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 Quote by faen Yes I thought about this too. But the result seems strange to me, because it now predicts that time goes slower in the rest frame and not in the moving frame, just because we changed the location of the experiment. For example if we had done the experiment in frame A instead of B, t and t' would change place in the equation predicting opposite results, as such: $$t'=\frac{t}{\sqrt{1-\frac{v^2}{c^2}}}.$$. How is this possible?
According to Special Relativity, time does not go slower in any rest frame you choose, it only goes slower for objects/observers/clocks that are moving in any rest frame you choose. It's no different than saying that the rocket is moving in the ground's rest frame and the ground is moving in the rocket's rest frame. How is that possible?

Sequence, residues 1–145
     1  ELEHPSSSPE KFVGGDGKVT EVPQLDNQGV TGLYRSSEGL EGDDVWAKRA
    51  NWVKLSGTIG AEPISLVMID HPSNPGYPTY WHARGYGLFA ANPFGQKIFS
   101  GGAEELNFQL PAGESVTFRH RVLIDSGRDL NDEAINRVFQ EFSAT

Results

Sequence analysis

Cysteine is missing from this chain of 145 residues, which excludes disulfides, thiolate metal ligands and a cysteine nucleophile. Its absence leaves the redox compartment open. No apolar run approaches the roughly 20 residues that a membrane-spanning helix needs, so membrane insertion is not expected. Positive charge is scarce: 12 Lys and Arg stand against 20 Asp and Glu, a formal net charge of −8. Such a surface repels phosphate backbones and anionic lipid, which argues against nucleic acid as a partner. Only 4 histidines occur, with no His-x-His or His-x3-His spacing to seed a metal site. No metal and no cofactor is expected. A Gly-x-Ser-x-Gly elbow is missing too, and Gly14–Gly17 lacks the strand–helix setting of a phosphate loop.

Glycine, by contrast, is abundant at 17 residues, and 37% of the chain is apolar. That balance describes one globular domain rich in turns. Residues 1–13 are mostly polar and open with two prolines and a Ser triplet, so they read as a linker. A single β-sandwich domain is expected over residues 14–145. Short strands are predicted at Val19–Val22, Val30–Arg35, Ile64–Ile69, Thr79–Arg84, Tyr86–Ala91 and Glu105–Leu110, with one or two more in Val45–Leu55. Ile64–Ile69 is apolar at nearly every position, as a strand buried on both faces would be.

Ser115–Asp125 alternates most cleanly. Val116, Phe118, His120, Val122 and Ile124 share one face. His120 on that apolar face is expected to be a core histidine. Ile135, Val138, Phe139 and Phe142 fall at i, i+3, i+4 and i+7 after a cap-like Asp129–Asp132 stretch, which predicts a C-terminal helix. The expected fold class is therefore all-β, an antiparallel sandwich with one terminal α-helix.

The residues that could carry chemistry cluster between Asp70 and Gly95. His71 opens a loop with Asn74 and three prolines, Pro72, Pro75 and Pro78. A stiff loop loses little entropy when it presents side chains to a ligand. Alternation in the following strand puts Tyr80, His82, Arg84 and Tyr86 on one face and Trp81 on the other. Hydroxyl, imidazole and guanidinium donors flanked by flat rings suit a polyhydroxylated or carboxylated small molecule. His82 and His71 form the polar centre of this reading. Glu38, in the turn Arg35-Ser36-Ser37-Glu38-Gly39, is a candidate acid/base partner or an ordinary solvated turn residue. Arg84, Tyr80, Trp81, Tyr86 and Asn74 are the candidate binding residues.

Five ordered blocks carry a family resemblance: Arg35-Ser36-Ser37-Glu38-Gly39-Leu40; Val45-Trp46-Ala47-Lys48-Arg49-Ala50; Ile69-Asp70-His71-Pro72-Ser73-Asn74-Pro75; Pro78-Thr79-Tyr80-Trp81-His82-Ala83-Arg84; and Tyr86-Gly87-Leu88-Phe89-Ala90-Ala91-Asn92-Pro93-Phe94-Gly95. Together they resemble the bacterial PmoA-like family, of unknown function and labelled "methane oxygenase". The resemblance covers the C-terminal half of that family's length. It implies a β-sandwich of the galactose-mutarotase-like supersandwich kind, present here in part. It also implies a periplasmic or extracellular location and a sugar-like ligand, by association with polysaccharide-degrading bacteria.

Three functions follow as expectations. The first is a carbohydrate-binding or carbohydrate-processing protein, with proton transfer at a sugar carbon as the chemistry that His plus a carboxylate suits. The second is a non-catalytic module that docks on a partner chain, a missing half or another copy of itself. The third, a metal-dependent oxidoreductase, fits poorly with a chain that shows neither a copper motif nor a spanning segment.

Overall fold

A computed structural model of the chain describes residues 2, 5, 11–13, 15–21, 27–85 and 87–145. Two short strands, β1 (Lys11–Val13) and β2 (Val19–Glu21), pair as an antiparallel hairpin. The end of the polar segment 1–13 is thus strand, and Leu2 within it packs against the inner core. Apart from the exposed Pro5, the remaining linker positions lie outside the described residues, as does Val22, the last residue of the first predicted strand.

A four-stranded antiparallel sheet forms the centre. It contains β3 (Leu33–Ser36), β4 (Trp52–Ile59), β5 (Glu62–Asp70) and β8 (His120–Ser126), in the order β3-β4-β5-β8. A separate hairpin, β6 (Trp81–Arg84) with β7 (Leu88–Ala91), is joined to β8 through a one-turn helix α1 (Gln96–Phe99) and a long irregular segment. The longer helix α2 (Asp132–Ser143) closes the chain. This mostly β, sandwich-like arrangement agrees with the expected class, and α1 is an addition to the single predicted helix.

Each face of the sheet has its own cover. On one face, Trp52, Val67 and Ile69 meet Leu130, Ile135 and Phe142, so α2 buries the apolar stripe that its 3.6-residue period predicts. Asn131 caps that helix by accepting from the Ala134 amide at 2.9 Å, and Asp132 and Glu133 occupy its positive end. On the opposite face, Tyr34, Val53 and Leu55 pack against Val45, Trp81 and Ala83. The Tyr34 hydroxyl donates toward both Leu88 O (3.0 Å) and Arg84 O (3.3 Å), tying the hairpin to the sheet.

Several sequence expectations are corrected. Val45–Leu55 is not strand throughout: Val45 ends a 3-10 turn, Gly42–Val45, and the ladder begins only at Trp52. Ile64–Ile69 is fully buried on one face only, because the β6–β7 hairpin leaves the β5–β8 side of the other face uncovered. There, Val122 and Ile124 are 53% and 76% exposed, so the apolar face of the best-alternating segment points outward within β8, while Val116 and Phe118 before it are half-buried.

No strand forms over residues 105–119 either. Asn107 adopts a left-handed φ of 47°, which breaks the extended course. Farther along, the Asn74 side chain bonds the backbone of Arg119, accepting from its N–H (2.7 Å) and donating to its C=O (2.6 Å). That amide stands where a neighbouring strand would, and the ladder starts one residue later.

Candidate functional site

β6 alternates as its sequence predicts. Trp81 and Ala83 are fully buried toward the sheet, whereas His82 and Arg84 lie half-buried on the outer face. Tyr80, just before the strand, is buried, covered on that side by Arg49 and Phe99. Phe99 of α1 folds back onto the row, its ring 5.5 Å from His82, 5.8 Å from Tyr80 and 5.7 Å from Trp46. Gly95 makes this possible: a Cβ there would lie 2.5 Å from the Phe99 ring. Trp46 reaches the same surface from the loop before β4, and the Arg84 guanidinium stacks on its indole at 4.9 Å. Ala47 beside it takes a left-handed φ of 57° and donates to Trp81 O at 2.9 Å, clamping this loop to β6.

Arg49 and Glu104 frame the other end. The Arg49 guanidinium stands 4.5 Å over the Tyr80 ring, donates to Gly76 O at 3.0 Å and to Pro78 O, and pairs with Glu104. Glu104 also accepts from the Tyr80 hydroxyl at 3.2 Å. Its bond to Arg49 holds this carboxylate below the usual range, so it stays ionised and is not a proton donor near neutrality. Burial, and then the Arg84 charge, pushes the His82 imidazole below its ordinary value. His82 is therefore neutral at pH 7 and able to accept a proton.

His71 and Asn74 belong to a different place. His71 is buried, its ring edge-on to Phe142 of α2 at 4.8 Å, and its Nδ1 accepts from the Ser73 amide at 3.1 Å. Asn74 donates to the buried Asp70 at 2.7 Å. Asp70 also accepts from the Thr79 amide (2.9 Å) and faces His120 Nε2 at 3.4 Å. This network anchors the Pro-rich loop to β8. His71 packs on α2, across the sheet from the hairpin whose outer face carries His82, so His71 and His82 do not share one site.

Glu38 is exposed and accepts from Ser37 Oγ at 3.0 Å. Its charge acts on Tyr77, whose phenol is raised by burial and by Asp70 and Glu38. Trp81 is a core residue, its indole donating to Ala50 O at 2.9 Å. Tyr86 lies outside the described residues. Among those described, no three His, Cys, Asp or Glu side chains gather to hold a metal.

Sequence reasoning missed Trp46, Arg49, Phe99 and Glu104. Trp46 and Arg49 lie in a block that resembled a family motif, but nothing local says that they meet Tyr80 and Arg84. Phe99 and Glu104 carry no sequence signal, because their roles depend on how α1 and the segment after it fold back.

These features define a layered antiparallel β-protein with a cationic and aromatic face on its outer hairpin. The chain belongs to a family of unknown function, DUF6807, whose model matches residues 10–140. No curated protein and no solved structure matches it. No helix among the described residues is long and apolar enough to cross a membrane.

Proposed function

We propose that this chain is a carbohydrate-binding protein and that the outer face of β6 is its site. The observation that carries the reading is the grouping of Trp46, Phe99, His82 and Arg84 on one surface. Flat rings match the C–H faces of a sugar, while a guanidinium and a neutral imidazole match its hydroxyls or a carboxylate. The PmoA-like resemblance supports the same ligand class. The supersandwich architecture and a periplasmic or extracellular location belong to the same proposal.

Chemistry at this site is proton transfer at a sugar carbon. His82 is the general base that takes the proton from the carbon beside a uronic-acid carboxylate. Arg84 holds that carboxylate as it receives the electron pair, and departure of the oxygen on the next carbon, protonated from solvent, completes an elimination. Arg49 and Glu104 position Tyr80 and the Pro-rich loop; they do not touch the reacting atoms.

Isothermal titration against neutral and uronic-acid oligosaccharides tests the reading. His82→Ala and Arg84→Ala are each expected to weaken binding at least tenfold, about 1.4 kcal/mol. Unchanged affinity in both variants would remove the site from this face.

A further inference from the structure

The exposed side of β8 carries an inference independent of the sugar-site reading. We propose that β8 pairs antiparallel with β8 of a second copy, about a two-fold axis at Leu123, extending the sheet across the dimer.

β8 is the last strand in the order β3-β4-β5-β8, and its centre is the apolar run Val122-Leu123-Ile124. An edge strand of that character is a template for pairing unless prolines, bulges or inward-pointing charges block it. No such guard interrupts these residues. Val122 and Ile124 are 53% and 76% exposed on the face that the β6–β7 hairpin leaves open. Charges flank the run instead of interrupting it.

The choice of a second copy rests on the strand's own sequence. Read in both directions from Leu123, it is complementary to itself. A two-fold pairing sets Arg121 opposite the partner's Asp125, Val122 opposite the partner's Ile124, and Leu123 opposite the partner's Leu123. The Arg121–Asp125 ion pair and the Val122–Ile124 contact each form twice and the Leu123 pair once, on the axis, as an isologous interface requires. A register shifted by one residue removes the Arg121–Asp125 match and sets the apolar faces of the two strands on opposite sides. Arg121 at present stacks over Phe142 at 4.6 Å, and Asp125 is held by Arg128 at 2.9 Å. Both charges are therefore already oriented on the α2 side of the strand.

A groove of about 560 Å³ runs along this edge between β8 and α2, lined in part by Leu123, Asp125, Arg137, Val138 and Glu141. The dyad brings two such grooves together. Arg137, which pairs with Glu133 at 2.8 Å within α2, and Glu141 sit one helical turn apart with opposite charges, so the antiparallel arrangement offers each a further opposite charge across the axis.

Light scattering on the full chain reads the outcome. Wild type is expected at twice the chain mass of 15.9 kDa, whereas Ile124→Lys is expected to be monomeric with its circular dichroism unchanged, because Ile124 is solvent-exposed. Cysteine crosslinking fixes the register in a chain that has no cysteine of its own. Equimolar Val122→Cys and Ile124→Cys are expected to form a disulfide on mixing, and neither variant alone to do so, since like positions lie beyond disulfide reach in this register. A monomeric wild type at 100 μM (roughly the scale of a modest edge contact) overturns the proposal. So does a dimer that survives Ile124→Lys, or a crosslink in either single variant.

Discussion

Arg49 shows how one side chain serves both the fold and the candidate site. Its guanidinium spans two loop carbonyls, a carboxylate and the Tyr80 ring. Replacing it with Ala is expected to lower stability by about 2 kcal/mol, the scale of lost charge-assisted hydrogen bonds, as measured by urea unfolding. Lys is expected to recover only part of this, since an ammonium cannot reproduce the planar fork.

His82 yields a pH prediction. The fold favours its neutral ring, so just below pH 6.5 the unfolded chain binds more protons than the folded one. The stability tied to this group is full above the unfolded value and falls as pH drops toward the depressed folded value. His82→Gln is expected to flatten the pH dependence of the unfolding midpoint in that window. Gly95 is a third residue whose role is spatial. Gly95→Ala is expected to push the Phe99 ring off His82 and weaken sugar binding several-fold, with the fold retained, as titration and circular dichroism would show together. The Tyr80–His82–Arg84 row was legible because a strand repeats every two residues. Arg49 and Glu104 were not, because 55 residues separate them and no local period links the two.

But it does help to consider that in the ground's rest frame, the clock on the rocket is ticking slower and it is moving away from the clock on the ground. So between each tick of the rocket clock, as it observes the ground clock, it has moved farther away and so the image of the ground clock's ticks have farther to travel resulting in a longer time compared to its own ticks. It turns out that the ratio of the ground clock's tick interval compared to the rocket clock's tick interval as determined by the rocket is the same as the ratio of the rocket clock's tick interval compared to the ground clock's tick as determined by the ground. Work it out, you'll see that this is true.